Good Omens – Terry Pratchett & Neil Gaiman
I somehow hadn’t read either Pratchett or Gaiman before, so I joined seemingly everyone else in reading their joint story of the apocalypse going wrong. It’s a playful blend of funny and dark elements, with great turns of phrase and imagination, like when the demon Crowley ‘blessed under his breath’.
The Antichrist getting into new-age magazines, the corporate-training-paintball-thing, Aziraphale’s attempt at stage-magic despite being an actual angel, the holy water: there’s fantastic memorable scenes.
Like Ally said there’s the odd bit like ‘prease to frasten sleatbert’ (no enormous deal for me, but, eh). I would’ve liked a bit more of the sinister notes too, but taste varies.
Milkman – Anna Burns
An account of the Troubles from ‘middle sister’ in an anonymous town, with conflict brewing in an environment of rumour and sternly enforced unwritten rules. Another story of simmering darkness lightened with absurdity, but with a very different feel.
Burns captures a mood of conflict and rumour baked in community life – a place where there are acceptable or unacceptable baby names, films, even brands of butter; depending on political/sectarian allegiance. Along with the Troubles, there’s an intriguing feminist angle. Middle sister’s wry narration addresses the town’s perception of the feminist ‘issues women’, the policing of men for proper masculinity (with enjoying cooking or viewing sunsets being suspect), and the psychology of unwanted sexual attention going unrecognised as a form of threatening harassment (if they’re not touching you, it can’t be violent).
The absurd elements keep a current of laugh-worthy wit through what would have been dense and depressing by itself. The humour shifts the tone brilliantly, with great side characters like tablets girl, nuclear boy, or chef.
The language is evocative while maintaining the air of protective secrecy, with turns of phrase steeped in implication. The style is thoroughly distinctive, although the first third is slow in places and the dialogue can be a bit stodgy and unrealistic. I see what Burns was going for with the speeches filtered through middle sister’s knotted mind, told in her non-committal and defensive style, but some more direct straightforward speech could’ve been a nice contrast.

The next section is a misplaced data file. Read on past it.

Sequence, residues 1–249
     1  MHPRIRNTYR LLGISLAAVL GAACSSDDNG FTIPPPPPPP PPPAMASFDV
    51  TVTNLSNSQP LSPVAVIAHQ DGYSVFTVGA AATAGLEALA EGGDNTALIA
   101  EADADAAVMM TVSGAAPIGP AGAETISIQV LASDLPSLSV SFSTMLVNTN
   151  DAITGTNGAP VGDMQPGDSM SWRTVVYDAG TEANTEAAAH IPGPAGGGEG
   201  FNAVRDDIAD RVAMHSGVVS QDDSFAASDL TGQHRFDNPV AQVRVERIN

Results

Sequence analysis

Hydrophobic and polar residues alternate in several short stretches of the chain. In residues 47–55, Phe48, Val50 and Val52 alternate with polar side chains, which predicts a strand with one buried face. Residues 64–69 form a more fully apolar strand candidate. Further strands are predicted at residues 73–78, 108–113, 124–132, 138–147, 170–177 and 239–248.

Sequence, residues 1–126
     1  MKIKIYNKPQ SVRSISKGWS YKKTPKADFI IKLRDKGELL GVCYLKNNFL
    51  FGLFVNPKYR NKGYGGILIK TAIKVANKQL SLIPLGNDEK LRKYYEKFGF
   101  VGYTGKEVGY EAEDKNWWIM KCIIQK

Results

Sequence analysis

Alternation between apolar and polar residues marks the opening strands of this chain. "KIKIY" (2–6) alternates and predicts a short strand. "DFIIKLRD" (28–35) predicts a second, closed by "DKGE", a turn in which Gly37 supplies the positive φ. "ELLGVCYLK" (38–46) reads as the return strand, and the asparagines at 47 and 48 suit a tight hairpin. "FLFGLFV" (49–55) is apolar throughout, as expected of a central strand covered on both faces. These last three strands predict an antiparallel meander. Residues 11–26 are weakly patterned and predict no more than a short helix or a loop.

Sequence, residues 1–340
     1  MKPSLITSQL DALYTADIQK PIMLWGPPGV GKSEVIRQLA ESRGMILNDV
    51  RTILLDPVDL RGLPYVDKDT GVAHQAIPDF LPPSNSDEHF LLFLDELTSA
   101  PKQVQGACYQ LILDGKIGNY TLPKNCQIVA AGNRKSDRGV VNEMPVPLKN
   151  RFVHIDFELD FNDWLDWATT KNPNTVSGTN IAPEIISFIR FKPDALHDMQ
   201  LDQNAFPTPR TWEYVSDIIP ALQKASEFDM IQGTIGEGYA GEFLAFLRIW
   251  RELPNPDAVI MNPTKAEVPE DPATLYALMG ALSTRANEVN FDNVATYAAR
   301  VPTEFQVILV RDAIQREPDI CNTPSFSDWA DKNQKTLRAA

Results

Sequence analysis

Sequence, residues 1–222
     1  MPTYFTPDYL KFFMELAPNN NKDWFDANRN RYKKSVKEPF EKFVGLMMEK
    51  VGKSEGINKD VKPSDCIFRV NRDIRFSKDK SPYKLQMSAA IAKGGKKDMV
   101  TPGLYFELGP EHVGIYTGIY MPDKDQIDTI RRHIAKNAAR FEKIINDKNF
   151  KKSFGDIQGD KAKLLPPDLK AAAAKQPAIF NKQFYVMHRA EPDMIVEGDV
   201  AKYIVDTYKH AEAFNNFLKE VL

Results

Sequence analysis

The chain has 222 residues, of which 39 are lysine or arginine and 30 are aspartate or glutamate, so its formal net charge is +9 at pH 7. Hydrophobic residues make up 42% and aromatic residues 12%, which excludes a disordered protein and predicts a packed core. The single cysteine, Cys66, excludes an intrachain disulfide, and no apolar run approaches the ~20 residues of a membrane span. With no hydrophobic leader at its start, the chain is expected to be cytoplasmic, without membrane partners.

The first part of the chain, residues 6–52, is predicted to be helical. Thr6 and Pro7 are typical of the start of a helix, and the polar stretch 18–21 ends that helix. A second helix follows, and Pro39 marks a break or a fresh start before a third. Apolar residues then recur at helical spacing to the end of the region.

20,000 Leagues Under The Sea – Jules Verne
The mysterious Captain Nemo takes unwilling guests on a journey under the seas in a submarine far advanced for its time.
It’s a unique view of the world, with lush description of marine vistas. There is a fair amount of specialist vocab and exposition in there, explaining the submarine and doing sums. Unless you know the names of a lot of marine species, you’ll find your eye glazing at points, unsure what you’re meant to be picturing.
Definitely a bit stiff in style and dialogue – but it’s an enjoyable voyage, with striking scenes and interesting thoughts.
The Spellgrinder’s Apprentice – N.M. Browne
An orphan boy runs from his apprenticeship grinding spellstones, an escape punishable by death, but this doesn’t explain why the island’s tyrannical ruler is hunting him: fearing a return of true magic to threaten his power.
A quick easy read with deft worldbuilding and strong characters, magic and betrayal. The plot packs in a good clip of action and connecting threads. I last read this when I was a lot younger so half-remembered a few surprises, but it still holds up as a clever adventure with deep details, like how magically providing bread affects the market for farmers. Vevena’s ways of working around her curse make for inspired writing.
The dodgy comma placement is annoying, though.